According to Dong et al. [103], about 42% of the goat genome contains repetitive elements, with many of them being ruminant-specific. Comparison with cattle revealed an expansion, in goats, of SINE-tRNA repeats as well as a contraction of SINE-BovA elements. A consensus gene set of 22,175 protein-coding genes, 262 rRNA, 829 tRNA, and 1,010 small nuclear RNA genes was built, and evidences of positive selection were found at several genes related with the immune response. Moreover, a total of 487 genes encoding microRNAs (miRNA) were detected, with six of them being goat-specific. A total of 157 miRNA genes were distributed in 44 clusters of variable size (2–46 miRNA genes), a similar proportion to that observed in humans. Structural variation of the goat genome has also been characterized with a comparative genomic hybridization array with ~385,000 bovine probes [129]. A total of 127 copy number variation regions (CNVR), with an average size of 90 kb, were identified in Saanen, Camosciata delle Alpi, Girgentana, and Murciano-Granadina goats. Importantly, many of these CNVR also segregate in cattle suggesting ancient CNVR formation events in regions of genomic instability present in the ancestor of these two species [129].

Next generation sequencing has also been applied to characterize the transcriptome of goats [103, 130] as well as to generate large collections of SNPs mapping to transcripts [131]. Cashmere fine hair fiber, mainly produced in India and Mongolia, is derived from the hair secondary follicles that form part of the undercoat of Cashmere goats. Gene expression profiles of primary and secondary hair follicles of Cashmere goats have been compared in order to gain new insights into the genetic architecture of fiber quality [103]. The majority of expressed mRNAs corresponded to keratin and keratin-associated protein genes. Moreover, 28 downregulated and 23 upregulated mRNAs were identified in secondary versus primary follicles [103]. Amongst the differentially expressed genes, there were two keratin genes, 10 keratin-associated protein genes, fibroblast growth factor 21, asparagine synthetase, phosphoserine aminotransferase, and desmoglein 1. In another study, Geng et al. [130] compared skin mRNA expression at different hair follicle developmental stages (i.e., anagen, catagen, and telogen), thus identifying hundreds of differentially expressed genes. There has also been a sudden burst of studies analysing the expression profiles of miRNAs in the mammary gland [132135], testis [136], and skin and hair follicles [137]. Interestingly, overexpression of caprine miR-103 in cultured mammary epithelial cells has been shown to have broad effects on lipid metabolism [135], stimulating the expression of genes related with lipogenesis, unsaturated fatty acid synthesis, triglyceride synthesis, cholesterol transport, fatty acid uptake, and fat droplet formation and downregulating those involved in lipid catabolism (lipolysis and fatty acid β-oxidation). In this context, it would be interesting to investigate if variability at miRNA genes and their binding sites could have important effects on milk composition and other traits of economic interest.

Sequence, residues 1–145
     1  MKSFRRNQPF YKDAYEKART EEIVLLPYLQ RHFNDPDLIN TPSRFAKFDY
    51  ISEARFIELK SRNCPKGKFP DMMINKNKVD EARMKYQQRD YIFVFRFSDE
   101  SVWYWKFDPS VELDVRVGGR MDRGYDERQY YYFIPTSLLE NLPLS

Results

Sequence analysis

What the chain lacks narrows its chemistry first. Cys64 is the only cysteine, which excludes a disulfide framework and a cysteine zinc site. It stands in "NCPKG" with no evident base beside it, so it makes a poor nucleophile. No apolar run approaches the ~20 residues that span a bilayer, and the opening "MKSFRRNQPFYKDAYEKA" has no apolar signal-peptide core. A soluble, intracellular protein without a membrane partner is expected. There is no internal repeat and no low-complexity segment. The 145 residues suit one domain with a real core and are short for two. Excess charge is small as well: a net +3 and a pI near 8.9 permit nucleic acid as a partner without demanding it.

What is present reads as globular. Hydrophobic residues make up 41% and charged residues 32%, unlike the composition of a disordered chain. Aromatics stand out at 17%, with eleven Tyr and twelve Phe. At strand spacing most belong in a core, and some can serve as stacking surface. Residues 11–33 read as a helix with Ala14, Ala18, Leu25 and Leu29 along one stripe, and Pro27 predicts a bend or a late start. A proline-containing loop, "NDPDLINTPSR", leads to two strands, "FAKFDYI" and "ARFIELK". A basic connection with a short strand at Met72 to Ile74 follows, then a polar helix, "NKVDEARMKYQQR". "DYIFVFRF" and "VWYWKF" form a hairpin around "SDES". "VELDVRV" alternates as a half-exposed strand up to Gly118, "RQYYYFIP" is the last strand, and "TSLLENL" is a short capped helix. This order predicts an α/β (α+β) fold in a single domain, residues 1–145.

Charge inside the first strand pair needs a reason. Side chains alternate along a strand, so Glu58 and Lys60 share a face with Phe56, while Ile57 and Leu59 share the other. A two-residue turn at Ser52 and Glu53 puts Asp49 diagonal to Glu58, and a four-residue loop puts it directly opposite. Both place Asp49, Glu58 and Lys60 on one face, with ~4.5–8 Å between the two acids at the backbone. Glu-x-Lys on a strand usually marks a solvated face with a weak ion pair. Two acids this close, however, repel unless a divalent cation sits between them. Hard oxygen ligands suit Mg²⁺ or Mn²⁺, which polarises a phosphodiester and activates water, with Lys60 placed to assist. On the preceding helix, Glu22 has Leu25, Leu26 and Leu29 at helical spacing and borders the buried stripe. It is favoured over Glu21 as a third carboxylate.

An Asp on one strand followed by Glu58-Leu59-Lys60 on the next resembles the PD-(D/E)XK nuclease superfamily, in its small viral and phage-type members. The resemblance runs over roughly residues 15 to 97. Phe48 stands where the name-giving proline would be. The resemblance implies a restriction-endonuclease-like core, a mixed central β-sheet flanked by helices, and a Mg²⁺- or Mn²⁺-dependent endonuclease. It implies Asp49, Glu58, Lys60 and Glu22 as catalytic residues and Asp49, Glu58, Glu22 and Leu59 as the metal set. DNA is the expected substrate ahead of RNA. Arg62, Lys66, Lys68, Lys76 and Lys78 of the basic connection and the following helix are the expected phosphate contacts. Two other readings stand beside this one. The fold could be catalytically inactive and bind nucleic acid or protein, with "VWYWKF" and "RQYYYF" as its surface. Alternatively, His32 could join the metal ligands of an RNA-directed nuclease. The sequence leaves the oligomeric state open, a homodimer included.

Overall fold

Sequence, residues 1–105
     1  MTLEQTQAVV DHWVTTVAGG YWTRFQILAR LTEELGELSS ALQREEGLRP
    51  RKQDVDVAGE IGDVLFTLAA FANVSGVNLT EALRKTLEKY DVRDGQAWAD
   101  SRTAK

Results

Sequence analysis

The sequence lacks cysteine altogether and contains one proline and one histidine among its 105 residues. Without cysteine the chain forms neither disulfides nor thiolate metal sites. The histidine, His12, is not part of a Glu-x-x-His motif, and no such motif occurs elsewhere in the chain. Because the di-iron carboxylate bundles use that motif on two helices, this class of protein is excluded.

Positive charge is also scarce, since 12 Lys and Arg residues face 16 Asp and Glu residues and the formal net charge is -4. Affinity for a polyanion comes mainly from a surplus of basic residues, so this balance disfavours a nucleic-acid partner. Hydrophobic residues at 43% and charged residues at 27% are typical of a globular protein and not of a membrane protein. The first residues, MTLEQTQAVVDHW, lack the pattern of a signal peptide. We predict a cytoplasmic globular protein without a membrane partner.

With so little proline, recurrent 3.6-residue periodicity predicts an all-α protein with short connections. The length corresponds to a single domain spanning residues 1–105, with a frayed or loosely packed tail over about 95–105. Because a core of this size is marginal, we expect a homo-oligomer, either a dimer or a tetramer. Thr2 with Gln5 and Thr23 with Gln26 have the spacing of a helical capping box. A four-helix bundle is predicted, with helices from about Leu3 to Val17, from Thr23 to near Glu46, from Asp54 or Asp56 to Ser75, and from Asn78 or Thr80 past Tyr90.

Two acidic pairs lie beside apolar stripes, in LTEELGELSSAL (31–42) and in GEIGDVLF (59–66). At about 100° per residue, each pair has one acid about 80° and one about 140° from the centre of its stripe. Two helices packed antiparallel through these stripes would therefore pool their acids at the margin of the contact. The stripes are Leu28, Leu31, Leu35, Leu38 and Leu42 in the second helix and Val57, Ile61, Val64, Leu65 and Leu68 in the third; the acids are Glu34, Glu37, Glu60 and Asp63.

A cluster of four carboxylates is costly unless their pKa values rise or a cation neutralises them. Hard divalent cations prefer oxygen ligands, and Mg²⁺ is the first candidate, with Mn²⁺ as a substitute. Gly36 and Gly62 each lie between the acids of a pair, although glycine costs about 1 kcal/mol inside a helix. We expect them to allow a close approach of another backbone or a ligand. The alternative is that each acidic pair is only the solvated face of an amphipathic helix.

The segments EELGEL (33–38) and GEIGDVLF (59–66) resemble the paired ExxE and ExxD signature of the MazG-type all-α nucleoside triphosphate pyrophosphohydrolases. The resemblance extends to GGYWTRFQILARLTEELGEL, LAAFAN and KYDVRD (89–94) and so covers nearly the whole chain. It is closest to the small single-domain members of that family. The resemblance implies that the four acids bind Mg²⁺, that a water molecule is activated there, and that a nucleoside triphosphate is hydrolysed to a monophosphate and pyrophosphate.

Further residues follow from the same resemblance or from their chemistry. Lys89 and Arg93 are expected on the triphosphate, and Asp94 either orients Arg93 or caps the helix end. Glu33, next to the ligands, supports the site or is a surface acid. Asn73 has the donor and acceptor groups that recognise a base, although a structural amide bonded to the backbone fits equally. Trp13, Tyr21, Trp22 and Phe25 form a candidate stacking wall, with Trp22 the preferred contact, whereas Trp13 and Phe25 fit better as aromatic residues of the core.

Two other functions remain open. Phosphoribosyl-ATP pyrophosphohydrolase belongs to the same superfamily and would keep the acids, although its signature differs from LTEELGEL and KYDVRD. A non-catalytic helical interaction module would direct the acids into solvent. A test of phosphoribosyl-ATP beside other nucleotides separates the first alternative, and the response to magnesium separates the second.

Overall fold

The design, by the International Goat Genome Consortium, of a 52K SNP chip for the high throughput genotyping of caprine DNA samples should be envisaged as a major scientific achievement in the field of goat genomics [138]. Polymorphism discovery was achieved by next-generation sequencing of dairy (16 individuals from the Alpine, Creole, and Saanen breeds sequenced in a Hiseq2000 platform with 13–26-fold coverage) and meat (pool 1: 20 Boer goats, pool 2: 20 Savanna goats and 24 Katjang goats, both sequenced in an Illumina Genome Analyzer IIx machine with 35-fold coverage) goat DNAs. Besides, reduced representation libraries for 17 Dutch Saanen goats were also sequenced with a low coverage. Altogether, this approach led to the identification of 11,924,638 variants including 1,229,120 indels and 10,695,518 SNPs. A total of 60,000 SNPs were selected and Illumina optimized assays for a total of 53,347 SNPs that were subsequently tested in a sample of 288 goats with a high success. This SNP chip has been already used by Kijas et al. [139] to carry out a genome-wide association study (GWAS) for polledness in Boer, Cashmere, and Rangeland goats. A highly significant GWAS signal was detected at chromosome 1, just at the genomic region reported by Pailhoux et al. [86] as containing the causal mutation for the goat polled intersex syndrome. Curiously, not all intersex goats were homozygous for the PIS deletion suggesting the existence of genetic heterogeneity for this reproductive pathology [139]. The 52K SNP chip has also been used to characterize the genetic diversity of Italian goat breeds [140], which showed a remarkable level of population structure, and it is the main tool employed in current international efforts to investigate goat genetic variation at a worldwide scale (Goat Adaptmap project, http://www.goatadaptmap.org/) as well as to develop genetic markers that can be used as selection criteria for phenotypes of economic interest (3SR project, http://www.3srbreeding.eu/ThenbspProject.aspx).